“When you diversify, you create more opportunities and choice,” Gal told me.

Of course, not all the specialized schools work out. One attempt at an agricultural school foundered because parents looked on agriculture as a low-skill occupation. And a full evaluation of the program has yet to take place in order to measure the short- and long-term benefits.

School choice is not Israel’s only educational initiative. The Sifriyat Pijama program is trying to improve early education by encouraging excitement about books and reading among young children. In one nursery school I visited in the Gilo neighborhood of Jerusalem, the children had just received a free book to take home, one of eight monthly picture books they will receive during the school year from Sifriyat Pijama. The program was founded by the U.S.-based Harold Grinspoon Foundation. It now operates in partnership with the Ministry of Education, which helps distribute the books.

When I entered the school, the three- and four-year-old children were sitting in a circle as the teacher read them the book about Tzafrir, a little boy who finally received his first pair of rainboots, and who could go for a walk with his brother and parents in the mud. At the end of the day, the children took the books home in special bags and read them with their parents.

Galina Vromen, who directs the program in Israel, told me, “Studies indicate that children who are exposed to books from a young age, particularly at home, develop an attachment to books and to reading that enhances academic success later in life.”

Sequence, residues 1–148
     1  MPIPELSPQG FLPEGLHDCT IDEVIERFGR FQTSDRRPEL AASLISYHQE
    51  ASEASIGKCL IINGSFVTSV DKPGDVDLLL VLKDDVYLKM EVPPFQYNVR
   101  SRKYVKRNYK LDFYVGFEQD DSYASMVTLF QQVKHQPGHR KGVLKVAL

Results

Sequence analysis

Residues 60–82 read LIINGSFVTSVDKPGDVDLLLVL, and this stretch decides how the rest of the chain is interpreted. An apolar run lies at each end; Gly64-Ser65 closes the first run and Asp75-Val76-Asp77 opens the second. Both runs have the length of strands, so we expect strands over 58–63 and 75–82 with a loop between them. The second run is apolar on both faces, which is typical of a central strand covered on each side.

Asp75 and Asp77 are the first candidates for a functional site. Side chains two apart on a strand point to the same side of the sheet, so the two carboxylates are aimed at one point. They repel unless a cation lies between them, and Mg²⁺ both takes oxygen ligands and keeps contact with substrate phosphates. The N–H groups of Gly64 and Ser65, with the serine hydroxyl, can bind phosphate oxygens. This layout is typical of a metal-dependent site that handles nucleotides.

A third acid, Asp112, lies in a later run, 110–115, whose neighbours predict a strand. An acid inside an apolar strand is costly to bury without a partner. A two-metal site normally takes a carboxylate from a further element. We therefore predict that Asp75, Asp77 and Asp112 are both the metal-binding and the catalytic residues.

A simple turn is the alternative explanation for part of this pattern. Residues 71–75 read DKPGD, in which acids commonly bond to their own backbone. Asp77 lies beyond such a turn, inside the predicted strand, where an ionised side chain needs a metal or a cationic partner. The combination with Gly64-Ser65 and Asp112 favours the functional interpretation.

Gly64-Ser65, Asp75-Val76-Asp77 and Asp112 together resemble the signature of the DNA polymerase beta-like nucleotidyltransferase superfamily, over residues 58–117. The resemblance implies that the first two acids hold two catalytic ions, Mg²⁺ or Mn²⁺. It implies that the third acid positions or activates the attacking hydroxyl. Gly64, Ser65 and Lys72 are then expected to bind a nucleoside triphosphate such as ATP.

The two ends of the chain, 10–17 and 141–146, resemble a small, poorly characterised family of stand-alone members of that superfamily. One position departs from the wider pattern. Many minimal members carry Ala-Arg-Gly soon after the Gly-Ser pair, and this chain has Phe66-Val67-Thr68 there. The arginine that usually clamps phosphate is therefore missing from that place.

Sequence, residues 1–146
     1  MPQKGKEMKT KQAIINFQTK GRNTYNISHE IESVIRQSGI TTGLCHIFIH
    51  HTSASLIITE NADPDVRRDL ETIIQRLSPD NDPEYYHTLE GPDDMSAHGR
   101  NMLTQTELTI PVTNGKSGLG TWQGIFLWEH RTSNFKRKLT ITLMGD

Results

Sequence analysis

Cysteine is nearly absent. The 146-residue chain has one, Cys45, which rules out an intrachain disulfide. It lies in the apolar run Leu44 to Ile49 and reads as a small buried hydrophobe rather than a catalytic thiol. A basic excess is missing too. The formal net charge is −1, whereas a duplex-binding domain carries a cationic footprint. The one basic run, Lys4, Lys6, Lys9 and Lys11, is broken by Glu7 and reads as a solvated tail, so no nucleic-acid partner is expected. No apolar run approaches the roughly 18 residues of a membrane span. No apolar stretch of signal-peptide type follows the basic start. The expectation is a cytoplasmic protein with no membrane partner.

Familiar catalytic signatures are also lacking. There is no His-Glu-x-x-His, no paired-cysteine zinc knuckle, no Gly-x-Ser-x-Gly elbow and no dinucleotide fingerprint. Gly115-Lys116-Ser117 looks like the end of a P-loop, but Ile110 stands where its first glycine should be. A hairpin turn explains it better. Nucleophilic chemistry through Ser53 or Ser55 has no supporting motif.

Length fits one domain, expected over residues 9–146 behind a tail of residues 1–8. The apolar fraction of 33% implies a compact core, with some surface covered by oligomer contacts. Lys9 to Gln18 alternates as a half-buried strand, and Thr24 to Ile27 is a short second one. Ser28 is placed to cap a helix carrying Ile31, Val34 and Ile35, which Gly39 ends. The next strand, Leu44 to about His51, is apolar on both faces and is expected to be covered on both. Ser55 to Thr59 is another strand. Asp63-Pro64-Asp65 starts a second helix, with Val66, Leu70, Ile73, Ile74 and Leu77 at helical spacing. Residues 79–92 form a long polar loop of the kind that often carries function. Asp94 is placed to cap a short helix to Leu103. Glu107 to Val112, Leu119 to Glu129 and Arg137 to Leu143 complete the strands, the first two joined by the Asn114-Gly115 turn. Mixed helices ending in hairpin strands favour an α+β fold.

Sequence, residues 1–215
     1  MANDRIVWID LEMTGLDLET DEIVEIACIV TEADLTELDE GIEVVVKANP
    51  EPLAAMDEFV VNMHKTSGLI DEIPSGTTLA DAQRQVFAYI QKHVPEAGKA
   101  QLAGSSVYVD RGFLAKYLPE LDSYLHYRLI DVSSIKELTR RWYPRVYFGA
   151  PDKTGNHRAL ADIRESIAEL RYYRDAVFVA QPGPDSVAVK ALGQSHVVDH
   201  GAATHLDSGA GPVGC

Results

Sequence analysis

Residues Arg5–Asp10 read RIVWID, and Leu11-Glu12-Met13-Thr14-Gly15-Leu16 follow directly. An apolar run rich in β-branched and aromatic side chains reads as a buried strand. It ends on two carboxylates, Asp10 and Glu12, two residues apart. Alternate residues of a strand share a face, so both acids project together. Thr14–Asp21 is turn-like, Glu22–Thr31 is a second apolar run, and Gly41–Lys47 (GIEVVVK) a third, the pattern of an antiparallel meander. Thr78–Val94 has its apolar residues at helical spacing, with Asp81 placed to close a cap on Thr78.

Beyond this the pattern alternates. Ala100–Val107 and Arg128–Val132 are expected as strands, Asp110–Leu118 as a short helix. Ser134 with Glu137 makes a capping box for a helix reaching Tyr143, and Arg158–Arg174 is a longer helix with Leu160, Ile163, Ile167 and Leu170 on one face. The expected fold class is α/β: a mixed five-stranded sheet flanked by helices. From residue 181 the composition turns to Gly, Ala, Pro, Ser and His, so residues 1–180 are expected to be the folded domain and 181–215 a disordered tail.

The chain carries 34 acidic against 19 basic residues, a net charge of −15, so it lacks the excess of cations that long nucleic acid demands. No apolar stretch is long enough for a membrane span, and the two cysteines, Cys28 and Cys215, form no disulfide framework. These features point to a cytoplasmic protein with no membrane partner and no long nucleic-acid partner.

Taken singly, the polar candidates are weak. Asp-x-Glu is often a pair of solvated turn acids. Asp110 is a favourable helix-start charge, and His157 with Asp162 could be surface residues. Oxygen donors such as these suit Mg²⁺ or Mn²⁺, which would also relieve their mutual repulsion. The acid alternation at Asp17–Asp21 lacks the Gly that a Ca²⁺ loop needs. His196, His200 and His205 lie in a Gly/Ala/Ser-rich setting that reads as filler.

Sifriyat Pijama gives books to over 200,000 children in 85% of Hebrew-speaking government preschools. This month, they are expanding to give books to 45,000 Arab-speaking children with a program called Maktabat al-Fanoos (Lantern Library in English) in partnership with Price Family Charitable Fund.

The books are selected by a committee and reprinted, adding suggestions for parents in back pages on family-related activities and discussion related to each book. In a study led by education expert Dr. Hagit Hacohen Wolf in 2012, 96% of teachers reported that they conducted activities based on the books during the school year. Teachers reported that program exposed children to books they would not have seen before and strengthened the connection between children and parents.

Education should not be about partisan politics or supposed voting blocks of teachers. The average high school graduation rate in America is 75%, and in some urban areas it is 55%.

We must ensure that children can graduate and attend college, that they have the skills to be employed in a well-paying job. To accomplish this, we have to let them choose better schools, whether these schools are public, charter, or private. We also need to give them a love of books at an early age, and not allow them to succumb to the lure of tablets, smart phones, and computers.

The international appeal of school choice and early education reveals what every parent already knows: parents want to give their children the best education possible.

Original Source: http://www.marketwatch.com/story/making-school-choice-work-a-lesson-from-israel-2014-01-31